The theme of this intriguing book is captured  by Claes G, Ryn when he writes in “The Immodesty of American Empire:  A Constitutionalist Perspective on Neo-Jacobin Universalism,” his contribution to this collection of essays, “The old American idea of limited, decentralized government appealed to individuals who were convinced that placing restrictions on self, including their own, was essential to human well-being.”  Thus, while this book discusses social and political structures, it ties them to the character of the citizenry.

The book does not simplistically hearken back to a golden age,  In his essay “Judicial Power and Modest Republicanism,” Michael P. Federici (one of the three editors) writes, “At no time in American history did modest republicanism or contrary inclinations enjoy a monopoly…One way of conceiving of America has been to consider it as divinely inspired… Another conception of imperial America is secular and inspired by humanitarian ideology.”  Dr, Federici is critical of Jefferson in this regard and, gingerly, comes close to questioning the Declaration of Independence.  In “Education as a Social Problem:  Why It Can’t Cure Our Ills,” Jeffrey Polet seems to go all the way regarding James Madison’s advocacy of a large republic, “The critics of Madison’s plan argued that any society predicated on mutual distrust and self -interest was unlikely to do anything other than serve the interest of the wealthy and most ambitious.”  Indeed I think this strong collection of essays would be further strengthened  were there more discussion of the Declaration and its averral of unalienable rights and more explicit consideration given to the concerns and arguments of the Anti-Federalists.

In addition to the essays on foreign affairs, domestic politics, and economics, there are others on cultural matters.  Perhaps the best of these is “Human Scale and the Modest Republic” by Mark T. Mitchell (another of the editors).  In it he discusses a certain restlessness in the American spirit, and is unwilling to account for it solely by the presence for so long of the large western frontier.  Dr. Mitchell delves deeply and sees this restlessness as caught up with an insistent cultural imperative towards equality and argues that this, in turn, leads to the weakening of local cultures.  This is a rich essay and I cannot do justice to it here.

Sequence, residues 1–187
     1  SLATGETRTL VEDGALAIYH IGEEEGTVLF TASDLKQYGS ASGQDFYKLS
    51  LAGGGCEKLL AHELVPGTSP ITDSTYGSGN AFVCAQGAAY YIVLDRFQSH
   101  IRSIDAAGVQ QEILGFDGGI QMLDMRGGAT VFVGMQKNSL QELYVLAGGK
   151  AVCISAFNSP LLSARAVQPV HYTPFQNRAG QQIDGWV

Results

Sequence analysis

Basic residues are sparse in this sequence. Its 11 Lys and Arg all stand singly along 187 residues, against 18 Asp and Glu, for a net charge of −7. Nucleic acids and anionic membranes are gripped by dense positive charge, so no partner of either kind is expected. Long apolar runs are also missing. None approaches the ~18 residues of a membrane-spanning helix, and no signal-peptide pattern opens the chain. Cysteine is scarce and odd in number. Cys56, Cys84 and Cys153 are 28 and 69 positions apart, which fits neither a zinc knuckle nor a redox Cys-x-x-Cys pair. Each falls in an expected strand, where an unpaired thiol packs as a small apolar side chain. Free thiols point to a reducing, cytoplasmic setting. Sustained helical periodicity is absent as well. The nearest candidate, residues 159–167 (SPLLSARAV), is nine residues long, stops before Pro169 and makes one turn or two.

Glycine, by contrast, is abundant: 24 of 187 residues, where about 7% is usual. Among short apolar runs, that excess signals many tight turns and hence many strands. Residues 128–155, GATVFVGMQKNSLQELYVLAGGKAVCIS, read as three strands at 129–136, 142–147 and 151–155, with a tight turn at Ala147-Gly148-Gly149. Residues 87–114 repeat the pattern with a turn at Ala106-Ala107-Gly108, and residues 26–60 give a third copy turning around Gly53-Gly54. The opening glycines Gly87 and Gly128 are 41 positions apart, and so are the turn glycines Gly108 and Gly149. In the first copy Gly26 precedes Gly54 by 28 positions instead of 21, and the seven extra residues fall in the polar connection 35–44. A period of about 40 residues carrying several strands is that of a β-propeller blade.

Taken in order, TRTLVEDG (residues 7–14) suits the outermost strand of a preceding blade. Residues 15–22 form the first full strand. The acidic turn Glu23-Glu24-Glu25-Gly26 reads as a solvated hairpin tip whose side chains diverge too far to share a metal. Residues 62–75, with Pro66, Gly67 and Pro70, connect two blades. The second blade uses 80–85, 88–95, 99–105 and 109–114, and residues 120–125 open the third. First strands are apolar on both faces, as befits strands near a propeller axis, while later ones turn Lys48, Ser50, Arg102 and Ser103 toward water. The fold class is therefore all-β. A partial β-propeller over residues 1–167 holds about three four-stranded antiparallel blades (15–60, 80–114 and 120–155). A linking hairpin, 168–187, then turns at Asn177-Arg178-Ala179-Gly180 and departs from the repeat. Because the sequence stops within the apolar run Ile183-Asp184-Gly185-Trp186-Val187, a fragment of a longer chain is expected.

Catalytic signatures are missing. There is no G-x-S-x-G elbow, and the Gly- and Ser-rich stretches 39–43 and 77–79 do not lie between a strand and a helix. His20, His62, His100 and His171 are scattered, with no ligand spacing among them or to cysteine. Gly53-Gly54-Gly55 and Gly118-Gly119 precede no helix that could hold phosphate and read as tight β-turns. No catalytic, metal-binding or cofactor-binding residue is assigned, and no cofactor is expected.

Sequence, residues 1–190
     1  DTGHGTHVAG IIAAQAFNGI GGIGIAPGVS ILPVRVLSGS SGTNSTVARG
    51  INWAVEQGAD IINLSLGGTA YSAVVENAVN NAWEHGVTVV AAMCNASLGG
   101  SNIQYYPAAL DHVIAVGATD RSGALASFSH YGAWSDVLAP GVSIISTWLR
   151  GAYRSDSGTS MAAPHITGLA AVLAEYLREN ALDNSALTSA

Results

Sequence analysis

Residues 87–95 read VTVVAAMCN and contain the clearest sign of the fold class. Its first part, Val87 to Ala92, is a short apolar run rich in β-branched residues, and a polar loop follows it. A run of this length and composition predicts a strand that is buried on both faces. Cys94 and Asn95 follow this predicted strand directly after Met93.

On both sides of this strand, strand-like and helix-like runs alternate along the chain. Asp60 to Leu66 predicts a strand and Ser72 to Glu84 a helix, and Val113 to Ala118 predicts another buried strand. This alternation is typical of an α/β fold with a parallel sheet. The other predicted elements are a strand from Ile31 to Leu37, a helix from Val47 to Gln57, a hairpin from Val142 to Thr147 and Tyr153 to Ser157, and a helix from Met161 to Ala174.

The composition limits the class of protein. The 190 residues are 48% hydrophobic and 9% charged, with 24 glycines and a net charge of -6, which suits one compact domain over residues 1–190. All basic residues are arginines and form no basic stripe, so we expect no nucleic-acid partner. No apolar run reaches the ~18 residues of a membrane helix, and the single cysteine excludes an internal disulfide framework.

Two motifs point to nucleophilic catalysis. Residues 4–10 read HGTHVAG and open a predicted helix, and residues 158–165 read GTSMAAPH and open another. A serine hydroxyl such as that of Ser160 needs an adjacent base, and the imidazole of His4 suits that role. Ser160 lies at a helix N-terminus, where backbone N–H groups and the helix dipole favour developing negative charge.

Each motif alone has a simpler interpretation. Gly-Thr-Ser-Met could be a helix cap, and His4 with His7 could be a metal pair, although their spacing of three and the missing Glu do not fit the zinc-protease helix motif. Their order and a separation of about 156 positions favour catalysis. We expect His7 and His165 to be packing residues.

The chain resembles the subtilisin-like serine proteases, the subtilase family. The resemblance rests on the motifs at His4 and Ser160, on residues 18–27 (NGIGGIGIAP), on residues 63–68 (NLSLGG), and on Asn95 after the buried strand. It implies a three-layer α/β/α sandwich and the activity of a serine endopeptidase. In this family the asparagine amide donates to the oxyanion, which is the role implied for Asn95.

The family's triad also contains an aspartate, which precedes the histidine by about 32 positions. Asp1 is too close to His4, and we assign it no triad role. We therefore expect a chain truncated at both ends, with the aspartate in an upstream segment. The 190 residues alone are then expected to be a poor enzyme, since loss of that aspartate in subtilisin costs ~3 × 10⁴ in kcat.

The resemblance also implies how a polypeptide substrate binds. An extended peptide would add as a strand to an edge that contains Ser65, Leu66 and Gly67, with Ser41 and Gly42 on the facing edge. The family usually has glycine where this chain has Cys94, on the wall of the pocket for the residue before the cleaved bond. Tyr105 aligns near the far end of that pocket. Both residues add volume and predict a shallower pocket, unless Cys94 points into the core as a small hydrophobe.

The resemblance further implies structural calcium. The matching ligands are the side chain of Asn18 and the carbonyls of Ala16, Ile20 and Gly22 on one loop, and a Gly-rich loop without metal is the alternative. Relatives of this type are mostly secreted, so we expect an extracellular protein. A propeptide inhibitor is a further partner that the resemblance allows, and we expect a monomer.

The very form of this book—a collection of relatively brief essays—reflects its advocacy of modesty.  To take just one example,  in his essay. “The  Therapeutic State and the Forgotten Work of Culture,” Jeremy Beer writes perspicaciously, “We’ve never spoken more of the need for tolerance of others…and of our dedication to multiculturalism; and we have never been more aggressively engaged in the destruction of all other cultures except that which is consistent with, or an outgrowth of, our own unique complex of attitudes and ideas known as ‘liberal democracy.’”  This in itself is worthy of a long treatise but Dr. Beer leaves us to reflect upon this strange and troubling phenomenon ourselves.

This fine collection’s urging of a recognition of human limits and of the importance of self-restraint, its advocacy of localism, its warnings against empire, the imperial self, and grandiose political schemes combine in a point of view, even a sensibility, that will, I think, rarely be anything other than a minority one.    This is perhaps especially so in an age of globalization of culture, multinational corporations, and international organizations like the United Nations, the European Union,  and the World Bank. Yet  this does not mean nothing of good can be accomplished, and this book can be a help in that.